In places, the Loire is now crossed on foot; The longest river in France has never flowed so slowly. The Rhine quickly becomes impassable to barge traffic. In Italy, the Po is 2 meters lower than normal, which paralyzes crops. Serbia dredges the Danube.
Across Europe, drought is wiping out once mighty rivers, with potentially dramatic consequences for industry, freight, energy and food production – as are supply shortages and rising prices due to Russia’s invasion of Ukraine bite.
Due to the deteriorating climate, an unusually dry winter and spring followed by record summer temperatures and repeated heat waves have left Europe’s vital waterways under-replenished and increasingly overheated.
With no significant rainfall recorded for nearly two months in western, central and southern Europe and no forecast for the near future, meteorologists say the drought could become the continent’s worst in more than 500 years.
“We haven’t fully analyzed this year’s event as it is still ongoing,” said Andrea Toreti of the European Commission’s Joint Research Centre. “There have been no other events in the past 500 [years] similar to the drought of 2018. But this year I think is worse.
He said there was “a very high risk of dry conditions” over the next three months, adding that without effective mitigation, the intensity and frequency of drought “would increase significantly in Europe, both in the north and ‘South”.
The German Federal Institute of Hydrology (BfG) said the level of the Rhine, whose waters are used for freight transport, irrigation, manufacturing, power generation and consumption, will continue to fall in the future. least until early next week.
On Friday, water at the critical Kaub marker 50km downstream of Mainz – which measures navigability rather than water depth – fell below 40cm, the level at which many transport companies consider that it is no longer economical for the barges to operate. It could fall closer to 30cm over the next few days, the BfG said.
Many barges, which transport coal for power stations and vital raw materials for industrial giants such as steelmaker Thyssen and chemicals giant BASF, are already operating at around 25% capacity to reduce their draft , which multiplies the shipping costs by five times.
A vital part of the economy of northwestern Europe for centuries, the 760 miles (1,233 km) of the Rhine flows from Switzerland through the industrial heartland of Germany before reaching the North Sea at the Rotterdam megaport.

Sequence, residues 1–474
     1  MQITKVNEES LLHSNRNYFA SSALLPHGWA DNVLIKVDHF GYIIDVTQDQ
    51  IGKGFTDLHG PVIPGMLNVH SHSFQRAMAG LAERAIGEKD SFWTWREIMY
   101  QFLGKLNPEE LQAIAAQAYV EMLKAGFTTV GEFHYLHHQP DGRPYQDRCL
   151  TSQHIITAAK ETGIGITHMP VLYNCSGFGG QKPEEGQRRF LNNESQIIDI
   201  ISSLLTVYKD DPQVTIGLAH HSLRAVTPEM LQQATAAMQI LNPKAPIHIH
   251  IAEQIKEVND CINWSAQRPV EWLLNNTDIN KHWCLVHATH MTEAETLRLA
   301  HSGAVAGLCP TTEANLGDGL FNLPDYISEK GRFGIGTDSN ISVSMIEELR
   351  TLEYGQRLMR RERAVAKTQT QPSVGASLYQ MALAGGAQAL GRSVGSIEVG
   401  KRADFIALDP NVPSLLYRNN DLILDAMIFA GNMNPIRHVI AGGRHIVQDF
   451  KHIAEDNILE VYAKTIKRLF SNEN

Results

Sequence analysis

A total halt to Rhine barge traffic would hit the German – and European – economy hard: experts have calculated that a six-month suspension in 2018 would cost around 5 billion euros (£4.2 billion), the low water levels expected to cost Germany 0.2 points of economic loss. growth this year.
While the EU has said a 25% increase in waterborne freight is one of the priorities of the bloc’s green transition, Germany is now pushing to divert it to rail and road – although that between 40 and 100 trucks are needed to replace a standard barge load.
France’s rivers may not be such important freight arteries, but they serve to cool the nuclear power plants that produce 70% of the country’s electricity. As prices hit historic highs, electricity giant EDF was forced to cut output due to drought.
Strict rules govern how much nuclear power plants can raise the temperature of rivers when they discharge cooling water – and whether low water levels and high air temperatures mean the river is already overheated , they have no choice but to reduce their production. As Europe’s looming energy crisis escalates and the Garonne, Rhône and Loire rivers are already too hot to discharge cooling water, France’s nuclear regulator last week allowed five power plants to temporarily breach rules.
In Italy, the flow of the desiccated Po, Italy’s longest river, has fallen to a tenth of its usual flow, and water levels are 2 meters lower than normal. With no sustained rainfall in the region since November, maize and risotto rice production has been hit hard.
The Po Valley accounts for between 30% and 40% of Italy’s agricultural production, but rice farmers in particular have warned that up to 60% of their harvest could be lost as the paddies dry up and are marred by the rain. sea water sucked in by the lower course of the river. level.
In the protected wetlands of the river’s delta near Venice, its high temperature and slow flow have reduced the oxygen content of the water to the point that around 30% of the clams growing in the lagoon have already been killed.
Low river levels and high water temperatures can prove fatal to many species. In Bavaria, the Danube reached 25°C last week and could hit 26.5°C by the middle of the month, meaning its oxygen content would drop below six parts per million – deadly for trout .
Freight on the 2,850 km of the Danube has also been severely disrupted, prompting authorities in Serbia, Romania and Bulgaria to start dredging deeper canals while barges carrying mainly fuel for electricity generators wait to arrive. ‘to advance.
Even Norway, which depends on hydroelectricity for about 90% of its power generation, said unusually low reservoir levels could eventually force it to limit power exports.